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The last episode of the Bunning and Bernanke show?

By Neil Irwin
Regulars at Ben Bernanke hearings on Capitol Hill know that many of his usual interlocutors on the Senate Banking Committee use recurring themes during their questioning. When the Federal Reserve chairman goes before the committee this afternoon for his semi-annual testimony on monetary policy, for example, there is a good chance that Sen. Richard Shelby (R-Ala.) will complain that interest rates were too low during the early part of the 2000s, and that Sen. Charles Schumer (D-N.Y.) will push Bernanke to move more aggressively on regulating credit cards and mortgage loans.

But even when senators criticize Bernanke, things remain quite civil. That's not always the case when Sen. Jim Bunning gets his turn. The Kentucky Republican tends to take a more, er, aggressive tack. But this may well be Bernanke's last time to get the Bunning treatment; the former major league pitcher is retiring, so unless Bernanke has to make another appearance before the banking committee this year, this is the end of the Jim and Ben show. One supposes that Bernanke will shed no tears.

Having fired up Nexis, here are some excerpts from Bunning's questioning of Bernanke from the last couple of years. The Hitler reference comes near the end.

"You have decided that just about every large bank, investment bank, insurance company, and even some industrial companies are too big to fail. Rather than making management, shareholders and debtholders feel the consequences of their risk-taking, you bailed them out. In short, you are the definition of a moral hazard."
"From monetary policy to regulation, consumer protection, transparency and independence, your time as Fed chairman has been a failure."
"I will do everything I can to stop your nomination and drag out this process as long as I can."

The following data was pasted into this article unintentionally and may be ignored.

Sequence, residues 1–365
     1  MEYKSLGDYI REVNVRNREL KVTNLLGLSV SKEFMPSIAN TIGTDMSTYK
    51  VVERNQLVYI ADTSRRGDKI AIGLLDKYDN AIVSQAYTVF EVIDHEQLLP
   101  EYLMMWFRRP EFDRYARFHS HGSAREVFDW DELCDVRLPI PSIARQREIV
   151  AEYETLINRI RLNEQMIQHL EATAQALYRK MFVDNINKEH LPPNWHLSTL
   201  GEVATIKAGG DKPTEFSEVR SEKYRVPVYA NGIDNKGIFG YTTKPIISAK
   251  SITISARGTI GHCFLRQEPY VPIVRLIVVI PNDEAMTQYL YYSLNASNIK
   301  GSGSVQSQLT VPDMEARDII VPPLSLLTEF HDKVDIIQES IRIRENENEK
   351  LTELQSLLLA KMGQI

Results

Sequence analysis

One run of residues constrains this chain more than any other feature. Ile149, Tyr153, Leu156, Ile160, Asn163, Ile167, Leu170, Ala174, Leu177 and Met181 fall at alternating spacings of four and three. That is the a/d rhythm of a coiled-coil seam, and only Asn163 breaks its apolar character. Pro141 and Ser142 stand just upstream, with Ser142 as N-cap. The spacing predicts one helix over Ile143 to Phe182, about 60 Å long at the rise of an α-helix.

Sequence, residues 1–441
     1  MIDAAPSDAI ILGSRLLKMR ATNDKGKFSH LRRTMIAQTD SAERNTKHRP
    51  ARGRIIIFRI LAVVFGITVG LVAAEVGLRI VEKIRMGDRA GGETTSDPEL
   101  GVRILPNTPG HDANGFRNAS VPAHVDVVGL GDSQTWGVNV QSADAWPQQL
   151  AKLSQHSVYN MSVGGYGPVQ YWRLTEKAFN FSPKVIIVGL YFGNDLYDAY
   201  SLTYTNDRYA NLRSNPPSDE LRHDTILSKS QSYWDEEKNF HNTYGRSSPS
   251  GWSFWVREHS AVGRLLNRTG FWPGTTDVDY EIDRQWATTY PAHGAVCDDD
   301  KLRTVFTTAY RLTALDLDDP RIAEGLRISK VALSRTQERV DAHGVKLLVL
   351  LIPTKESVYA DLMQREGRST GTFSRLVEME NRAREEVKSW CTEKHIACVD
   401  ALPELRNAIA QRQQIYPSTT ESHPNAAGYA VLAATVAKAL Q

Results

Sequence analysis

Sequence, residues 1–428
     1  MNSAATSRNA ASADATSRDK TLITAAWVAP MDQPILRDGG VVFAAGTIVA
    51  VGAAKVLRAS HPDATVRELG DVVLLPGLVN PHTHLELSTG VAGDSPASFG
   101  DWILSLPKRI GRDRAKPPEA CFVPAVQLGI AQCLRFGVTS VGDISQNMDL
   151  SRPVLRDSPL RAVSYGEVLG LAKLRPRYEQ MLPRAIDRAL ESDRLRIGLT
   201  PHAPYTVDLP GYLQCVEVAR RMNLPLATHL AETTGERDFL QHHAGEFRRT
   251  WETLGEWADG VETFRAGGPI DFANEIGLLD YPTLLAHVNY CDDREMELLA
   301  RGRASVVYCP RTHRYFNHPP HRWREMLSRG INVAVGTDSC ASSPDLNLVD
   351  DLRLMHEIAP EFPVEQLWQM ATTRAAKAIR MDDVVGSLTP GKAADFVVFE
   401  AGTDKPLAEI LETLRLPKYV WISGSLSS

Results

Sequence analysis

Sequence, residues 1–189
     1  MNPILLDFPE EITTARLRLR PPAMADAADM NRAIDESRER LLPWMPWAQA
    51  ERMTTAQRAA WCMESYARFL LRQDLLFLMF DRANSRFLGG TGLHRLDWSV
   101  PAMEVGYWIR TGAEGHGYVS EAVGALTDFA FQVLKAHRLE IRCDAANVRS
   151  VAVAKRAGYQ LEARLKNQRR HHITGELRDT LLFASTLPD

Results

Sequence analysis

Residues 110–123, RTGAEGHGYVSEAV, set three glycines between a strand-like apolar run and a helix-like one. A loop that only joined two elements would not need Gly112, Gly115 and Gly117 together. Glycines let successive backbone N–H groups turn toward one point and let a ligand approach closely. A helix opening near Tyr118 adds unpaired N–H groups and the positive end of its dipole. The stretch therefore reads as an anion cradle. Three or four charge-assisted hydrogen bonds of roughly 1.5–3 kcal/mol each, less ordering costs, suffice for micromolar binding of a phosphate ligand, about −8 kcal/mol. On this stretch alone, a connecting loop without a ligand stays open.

"Chairman Bernanke's easy money in the last year has undermined the dollar and sent oil prices to a new high every day, and the most doubling since the rate cut started."
"Now the Fed wants to be a systemic risk regulator. But the Fed is a systemic risk. Giving the Fed more power is like giving a neighborhood kid who broke a window playing baseball in the street a bigger bat and thinking that will fix the problem. I'm not going to go along with that, and I will use every power in my arsenal as a senator to stop any new powers going to the Fed."
"When I picked up my newspaper yesterday, I thought I woke up in France. But, no, it turned out it was socialism here in the United States, and very well -- going well. The Treasury secretary is now asking for a blank check to buy as much Fannie and Freddie debt, or equity, as he wants. The Fed purchase of Bear Stearns assets was amateur socialism compared to this."
-- July 15, 2008, monetary policy hearing
"I must take the opportunity to comment on Chairman Bernanke being named Time magazine person of the year yesterday. One financial blogger wrote yesterday that this was like rewarding the captain of the Titanic for getting everyone off the sinking ship after he rammed it into the iceberg. And Chairman Bernanke may wonder if he really wants to be honored by an organization that has previously named people like Josef Stalin twice, Yasser Arafat, Adolf Hitler, the Ayatollah Khomeini, Vladimir Putin, Richard Nixon twice, as their person of the year. But I congratulate him and hope he at least turns out better than most of those people."
-- December 17, 2009, hearing to vote on Bernanke nomination for second term


One side note: the Republican candidate to replace Bunning is Rand Paul, son of Ron Paul, a frequent antagonist of Bernanke on the House Financial Services Committee. If the younger Paul were to win and snag a seat on the Senate Banking Committee, perhaps Bernanke will continue to be in the hot seat when a Kentucky senator's name is called.


By Neil Irwin  |  July 21, 2010; 11:43 AM ET
Categories:  Federal Reserve  
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Comments